February 04, 2021
Protesters from Myanmar residing in Japan hold portraits of leader Aung San Suu Kyi and Myanmar’s President Win Myint at a rally against Myanmar’s military after it seized power from a democratically elected civilian government and arrested the duo, outside Foreign Ministry in Tokyo, Japan February 3, 2021. REUTERS/Issei Kato
By JIJI, REUTERS, KYODO
Foreign Ministers from the Group of Seven industrialized nations on Wednesday condemned Monday’s coup in Myanmar and called for the release of all people “unjustly detained,” including civilian leader Aung San Suu Kyi.
“We are deeply concerned by the detention of political leaders and civil society activists,” the ministers said in a joint statement issued following the Myanmar military’s seizure of power Monday.
The G7, which groups Britain, Canada, France, Germany, Italy, Japan, the United States as well as the European Union, called on the military to immediately end the state of emergency and restore power to the democratically elected government.
Also on Wednesday, the Japanese government said it recognized Monday’s developments as a coup, with Chief Cabinet Secretary Katsunobu Kato telling a news conference that Tokyo would “consider its response,” given its significant financial support to Myanmar.
The statements from Tokyo and the G7 came as thousands of Myanmar demonstrators gathered outside the Foreign Ministry, demanding that Tokyo join its allies in taking a harder stance against the coup.
Wearing red and waving printed photos of Suu Kyi, a long line of protesters surrounded government buildings in Tokyo, where large political demonstrations are relatively rare.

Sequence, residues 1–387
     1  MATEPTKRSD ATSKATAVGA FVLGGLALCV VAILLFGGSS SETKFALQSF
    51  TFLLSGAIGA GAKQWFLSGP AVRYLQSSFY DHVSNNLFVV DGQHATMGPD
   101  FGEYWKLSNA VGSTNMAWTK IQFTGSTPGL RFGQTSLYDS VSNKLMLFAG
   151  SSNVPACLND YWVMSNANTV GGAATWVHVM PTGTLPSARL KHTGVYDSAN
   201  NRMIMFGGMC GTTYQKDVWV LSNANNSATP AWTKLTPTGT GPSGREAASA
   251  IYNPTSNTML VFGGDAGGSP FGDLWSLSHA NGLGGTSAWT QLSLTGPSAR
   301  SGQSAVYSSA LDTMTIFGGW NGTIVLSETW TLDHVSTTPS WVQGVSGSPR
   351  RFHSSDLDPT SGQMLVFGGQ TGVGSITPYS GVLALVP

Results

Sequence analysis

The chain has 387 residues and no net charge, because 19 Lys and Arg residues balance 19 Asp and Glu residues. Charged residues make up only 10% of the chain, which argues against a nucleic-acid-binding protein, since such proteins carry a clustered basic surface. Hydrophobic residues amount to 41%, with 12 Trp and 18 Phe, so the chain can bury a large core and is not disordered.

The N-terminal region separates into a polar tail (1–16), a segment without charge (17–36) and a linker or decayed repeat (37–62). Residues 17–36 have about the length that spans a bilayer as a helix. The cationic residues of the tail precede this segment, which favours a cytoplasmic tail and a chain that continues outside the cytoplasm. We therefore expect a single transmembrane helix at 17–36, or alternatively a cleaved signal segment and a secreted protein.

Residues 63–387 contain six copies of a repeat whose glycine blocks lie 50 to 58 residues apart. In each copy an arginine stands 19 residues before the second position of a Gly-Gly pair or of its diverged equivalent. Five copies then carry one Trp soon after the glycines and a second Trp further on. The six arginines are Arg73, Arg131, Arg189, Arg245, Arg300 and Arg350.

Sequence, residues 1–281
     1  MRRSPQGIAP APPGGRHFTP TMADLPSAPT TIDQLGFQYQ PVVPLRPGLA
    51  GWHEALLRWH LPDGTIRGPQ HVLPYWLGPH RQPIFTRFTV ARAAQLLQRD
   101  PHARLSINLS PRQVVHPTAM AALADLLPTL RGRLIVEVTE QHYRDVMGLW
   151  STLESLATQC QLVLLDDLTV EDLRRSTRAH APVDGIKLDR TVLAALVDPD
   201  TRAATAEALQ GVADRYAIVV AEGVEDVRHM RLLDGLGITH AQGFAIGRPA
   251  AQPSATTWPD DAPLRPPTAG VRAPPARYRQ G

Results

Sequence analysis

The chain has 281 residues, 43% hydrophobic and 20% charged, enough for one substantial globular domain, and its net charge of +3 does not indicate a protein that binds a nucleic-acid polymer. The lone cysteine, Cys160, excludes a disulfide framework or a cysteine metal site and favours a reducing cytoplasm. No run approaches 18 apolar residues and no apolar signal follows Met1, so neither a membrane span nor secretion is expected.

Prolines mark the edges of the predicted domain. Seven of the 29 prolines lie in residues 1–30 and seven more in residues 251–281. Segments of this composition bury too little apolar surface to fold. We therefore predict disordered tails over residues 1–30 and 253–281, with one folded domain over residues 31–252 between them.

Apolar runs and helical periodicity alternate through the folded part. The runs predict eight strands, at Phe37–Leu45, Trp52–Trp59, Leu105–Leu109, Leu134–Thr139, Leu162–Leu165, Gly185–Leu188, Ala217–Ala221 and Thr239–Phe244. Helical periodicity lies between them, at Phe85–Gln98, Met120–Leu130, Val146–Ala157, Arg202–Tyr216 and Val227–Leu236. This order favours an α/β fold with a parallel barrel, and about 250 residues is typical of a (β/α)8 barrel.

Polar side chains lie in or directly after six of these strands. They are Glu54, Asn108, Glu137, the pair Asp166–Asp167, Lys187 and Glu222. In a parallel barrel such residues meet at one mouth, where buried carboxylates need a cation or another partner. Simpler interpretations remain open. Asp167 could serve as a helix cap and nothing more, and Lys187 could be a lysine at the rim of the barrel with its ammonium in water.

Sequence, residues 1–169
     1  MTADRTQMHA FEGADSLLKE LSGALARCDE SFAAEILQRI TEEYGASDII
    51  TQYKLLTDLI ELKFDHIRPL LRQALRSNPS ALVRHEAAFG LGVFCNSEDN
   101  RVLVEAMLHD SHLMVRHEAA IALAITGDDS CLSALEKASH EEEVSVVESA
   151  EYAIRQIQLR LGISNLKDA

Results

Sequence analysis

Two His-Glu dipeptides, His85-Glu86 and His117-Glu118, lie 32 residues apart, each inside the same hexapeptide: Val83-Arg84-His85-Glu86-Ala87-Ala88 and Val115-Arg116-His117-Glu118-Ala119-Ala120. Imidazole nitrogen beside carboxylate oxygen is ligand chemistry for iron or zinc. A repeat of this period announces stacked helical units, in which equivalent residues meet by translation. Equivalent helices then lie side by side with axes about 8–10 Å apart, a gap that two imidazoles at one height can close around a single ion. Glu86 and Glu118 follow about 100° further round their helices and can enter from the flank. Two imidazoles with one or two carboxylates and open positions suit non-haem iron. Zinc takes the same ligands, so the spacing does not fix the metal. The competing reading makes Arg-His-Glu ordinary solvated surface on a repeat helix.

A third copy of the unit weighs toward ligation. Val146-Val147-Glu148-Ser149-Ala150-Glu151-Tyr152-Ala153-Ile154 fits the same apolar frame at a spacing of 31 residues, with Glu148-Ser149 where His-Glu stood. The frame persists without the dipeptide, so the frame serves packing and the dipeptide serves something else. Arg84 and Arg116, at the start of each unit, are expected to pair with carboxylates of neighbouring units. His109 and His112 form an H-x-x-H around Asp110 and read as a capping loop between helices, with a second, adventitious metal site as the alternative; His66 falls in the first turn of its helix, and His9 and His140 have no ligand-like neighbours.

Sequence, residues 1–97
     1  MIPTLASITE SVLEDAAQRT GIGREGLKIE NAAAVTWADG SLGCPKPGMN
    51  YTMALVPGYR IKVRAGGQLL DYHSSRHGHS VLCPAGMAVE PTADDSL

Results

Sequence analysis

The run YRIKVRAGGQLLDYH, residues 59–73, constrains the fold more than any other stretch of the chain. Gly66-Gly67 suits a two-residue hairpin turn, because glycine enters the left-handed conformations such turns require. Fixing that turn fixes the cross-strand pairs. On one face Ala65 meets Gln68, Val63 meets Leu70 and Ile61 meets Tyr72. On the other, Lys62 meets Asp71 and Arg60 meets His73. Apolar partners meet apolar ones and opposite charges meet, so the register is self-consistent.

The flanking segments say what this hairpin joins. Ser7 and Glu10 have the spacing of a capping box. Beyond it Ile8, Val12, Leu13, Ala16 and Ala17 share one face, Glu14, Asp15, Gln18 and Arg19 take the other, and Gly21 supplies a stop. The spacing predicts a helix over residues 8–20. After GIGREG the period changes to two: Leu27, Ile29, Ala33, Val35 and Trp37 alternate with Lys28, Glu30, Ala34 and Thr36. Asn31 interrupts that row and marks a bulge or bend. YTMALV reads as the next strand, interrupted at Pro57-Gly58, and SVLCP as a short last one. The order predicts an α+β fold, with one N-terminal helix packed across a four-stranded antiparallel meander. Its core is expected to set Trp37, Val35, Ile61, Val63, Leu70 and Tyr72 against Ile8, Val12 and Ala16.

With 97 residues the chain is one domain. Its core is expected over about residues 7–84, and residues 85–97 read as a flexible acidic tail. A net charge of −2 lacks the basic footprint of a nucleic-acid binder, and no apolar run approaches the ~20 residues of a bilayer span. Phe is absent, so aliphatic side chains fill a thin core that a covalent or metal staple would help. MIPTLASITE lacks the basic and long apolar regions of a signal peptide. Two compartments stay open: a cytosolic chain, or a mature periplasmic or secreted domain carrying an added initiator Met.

“Free, free Aung San Suu Kyi, free, free Myanmar,” the crowd chanted in unison while their representatives handed Foreign Ministry officials a statement that called on Japan to use all of its “political, diplomatic, and economic power” to restore the civilian government in Myanmar.
Japan and Myanmar have long enjoyed close ties. Japan’s largest companies have been particularly aggressive in expanding their businesses there in recent years, seeing it as Southeast Asia’s last major frontier market.
The Myanmar army seized power Monday, cutting short an unsteady transition to democracy on the grounds of fraud in last November’s general election, which Suu Kyi’s National League for Democracy won in a landslide.
Union of Myanmar Citizen Association, which organized the rally, said Japan should not recognize the newly formed military regime. Nearly 3,000 people took part in the protest Wednesday, the organizers said.
Mathida, a 50-year-old who works in a restaurant in Tokyo, said she joined the protest to push Japanese officials to do more to restore democracy in Myanmar.
“We want our leader and our mother Aung San Suu Kyi to be freed,” she said. “The military is not the government.” She declined to give her full name.
When pressed at a Tuesday news conference if Japan supported or would emphasize the kind of stance that the United States had expressed, including the possibility of sanctions, Kato sidestepped a direct answer, repeating an earlier statement that Japan would keep in close contact with other nations and monitor the situation in Myanmar.
A top defense official said this week that Japan needs to be cautious about its approach toward Myanmar because cutting ties risks pushing the country closer to China.
In contrast, the coup has drawn public condemnation from the United States and other Western countries. Suu Kyi remains in detention despite international calls for her immediate release.
In the biggest public protest against the coup so far, people in the commercial hub of Yangon chanted and banged on metal pots late on Tuesday in a traditional gesture to drive away evil or bad karma.